A fine facsimile of President Reagan stands on the stage, trying to get black votes by showing that he, too, can rap. Ah, he beams midway through, "we're in a grove now." An aide murmurs: "Sir, that's groove ."
Thus begins "Rap Master Ronnie," a satirical revue. Its tone is light but its message is . . . well, it portrays Reagan--and much of his constituency--as genial and unthinking, insensitive to the poor and black, positive about the rich and white and amiably blithe about such matters as nuclear war, women's rights and El Salvador.
Some say that "Rap" is too cutting, others say it doesn't cut deep enough. "But that's the given with this kind of show," sighs the author, often identified as no fan of Ronald Reagan.
The author, who actually is no fan of Ronald Reagan, is Garry Trudeau, 37, the mild-mannered Yale graduate who begat the syndicated, occasionally controversial "Doonesbury" cartoon strip and then the short-lived 1983 Broadway musical based on it.
A Reagan skit from that musical led to "Rap," for which Trudeau wrote the book and lyrics, with music by Elizabeth Swados, composer for the earlier "Doonesbury."
A 1974 Pulitzer Prize winner, Trudeau avoids the publicity ramble. He does interviews about as often as the sun rises in the west. But he made an exception to help promote "Rap," now on the boards at the Backlot Theatre in West Los Angeles.
Thus it came to pass recently that he was interviewed by phone during a working vacation at his father's small farm in Saranac Lake in Upstate New York, where he was semi-relaxing with his wife, NBC "Today" co-anchor Jane Pauley, and their two children.
In the course of the interview, Trudeau, in addition to rapping about "Rap," also:
--Fretted that the kind of robust satire that accompanied the eras of Eisenhower and L.B.J. seems absent from the Reagan years. He theorized that nowadays "true satire--that is, satire guided by a moral purpose--is more difficult to take, and people at this point want comedy that's mindless. . . . I think it's part of this long national nap we're engaged in."
--Lamented that NBC's "Saturday Night Live," after a barbed, promising start in 1975, subsequently "seemed to have degenerated into kind of a nihilistic, hipper-than-thou exercise."
--Said the only idea that young, would-be satirists seemed to have gotten from that late-night show is "to be funny at all costs. . . . Today, the closest thing we have to regular satire is the (Johnny) Carson monologue (on NBC's "Tonight Show"). And there again, the joke's the thing. . . . The gag is more important than any sustained point of view."
--Said he was startled when some critics said his Broadway "Doonesbury" was not political enough. He said he didn't consider the strip on which it was based "to be as political as reputed, but more involved in the lives of its characters than in the body politic."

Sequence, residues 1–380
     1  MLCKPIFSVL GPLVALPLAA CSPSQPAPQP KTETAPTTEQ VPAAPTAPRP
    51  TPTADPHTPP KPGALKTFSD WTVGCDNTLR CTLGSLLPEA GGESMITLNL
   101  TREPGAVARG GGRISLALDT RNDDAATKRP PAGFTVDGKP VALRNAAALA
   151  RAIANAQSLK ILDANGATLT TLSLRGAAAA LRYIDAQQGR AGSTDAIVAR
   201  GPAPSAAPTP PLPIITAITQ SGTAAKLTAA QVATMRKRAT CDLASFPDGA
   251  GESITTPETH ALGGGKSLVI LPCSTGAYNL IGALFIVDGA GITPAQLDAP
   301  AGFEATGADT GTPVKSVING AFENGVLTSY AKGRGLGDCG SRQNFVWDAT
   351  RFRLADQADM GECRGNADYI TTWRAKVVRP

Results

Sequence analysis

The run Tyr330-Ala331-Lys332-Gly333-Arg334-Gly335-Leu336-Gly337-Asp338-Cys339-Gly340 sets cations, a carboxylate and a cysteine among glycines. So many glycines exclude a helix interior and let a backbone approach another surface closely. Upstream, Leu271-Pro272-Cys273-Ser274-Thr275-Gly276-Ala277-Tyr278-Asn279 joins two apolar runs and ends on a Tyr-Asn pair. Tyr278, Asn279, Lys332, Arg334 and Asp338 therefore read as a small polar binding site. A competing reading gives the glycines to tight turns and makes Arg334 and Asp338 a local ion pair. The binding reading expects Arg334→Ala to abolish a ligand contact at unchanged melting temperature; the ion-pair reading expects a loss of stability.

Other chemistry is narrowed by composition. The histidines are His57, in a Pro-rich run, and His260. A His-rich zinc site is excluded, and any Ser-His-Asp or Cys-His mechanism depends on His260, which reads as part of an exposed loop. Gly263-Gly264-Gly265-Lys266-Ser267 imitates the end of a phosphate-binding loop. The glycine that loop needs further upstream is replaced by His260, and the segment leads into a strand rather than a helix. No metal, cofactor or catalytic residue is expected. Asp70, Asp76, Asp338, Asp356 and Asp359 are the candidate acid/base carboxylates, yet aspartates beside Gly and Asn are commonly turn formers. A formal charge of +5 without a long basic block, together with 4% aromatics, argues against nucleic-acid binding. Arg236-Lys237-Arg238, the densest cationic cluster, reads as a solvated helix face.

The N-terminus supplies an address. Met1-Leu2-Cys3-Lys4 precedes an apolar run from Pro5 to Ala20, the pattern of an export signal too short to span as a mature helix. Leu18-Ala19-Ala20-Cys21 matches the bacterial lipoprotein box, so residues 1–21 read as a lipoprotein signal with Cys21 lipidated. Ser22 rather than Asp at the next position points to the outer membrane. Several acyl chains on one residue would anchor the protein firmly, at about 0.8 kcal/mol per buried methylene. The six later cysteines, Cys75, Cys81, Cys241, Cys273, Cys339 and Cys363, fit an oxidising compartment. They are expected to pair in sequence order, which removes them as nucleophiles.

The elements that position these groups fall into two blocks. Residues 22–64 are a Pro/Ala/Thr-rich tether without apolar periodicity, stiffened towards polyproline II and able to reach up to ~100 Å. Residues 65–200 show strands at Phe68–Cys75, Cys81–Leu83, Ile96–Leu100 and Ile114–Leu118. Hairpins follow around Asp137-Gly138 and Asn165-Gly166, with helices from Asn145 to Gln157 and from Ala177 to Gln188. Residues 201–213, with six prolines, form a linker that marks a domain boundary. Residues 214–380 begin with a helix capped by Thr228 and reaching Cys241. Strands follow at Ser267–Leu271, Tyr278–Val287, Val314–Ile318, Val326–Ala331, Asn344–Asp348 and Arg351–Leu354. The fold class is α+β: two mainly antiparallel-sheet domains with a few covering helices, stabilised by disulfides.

--Said he doesn't regard it as censorship when newspaper editors won't run a "Doonesbury" strip they consider too controversial, too one-sided, or--as in a recent refusal by The Times to run a segment dealing with Frank Sinatra--potentially too difficult to defend in court should a libel suit be filed.
"No, it doesn't concern me at all," he said of editors who balk, momentarily or permanently. "I consider it an enormous privilege to think about things, put them into my strip, and then have those particular concerns show up in 800-some newspapers.
"So if it doesn't make it into each paper 365 days a year, it's nothing I worry about. I certainly don't characterize it as censorship. I believe that editors have a right and a responsibility to delete features from their newspaper that they deem inappropriate for their readers, for whatever reason.
"Now I don't always agree with their reasons for so doing. But I certainly have to respect their right to do it. So, no, it's not something that agitates me as much as one might think."
Trudeau has agitated others since 1970, when "Doonesbury" and its countercultural cast first materialized, a satirical strip that still alternately needles and savages the Establishment, his own generation and the Fourth Estate, to list a few victims. The list of notables is quite varied--Richard M. Nixon, former Yale President Kingman Brewster, Vice President George Bush, Amnesty International, Sen. John W. Warner (R-Va.) and House Speaker Thomas (Tip) O'Neill Jr. (D-Mass.).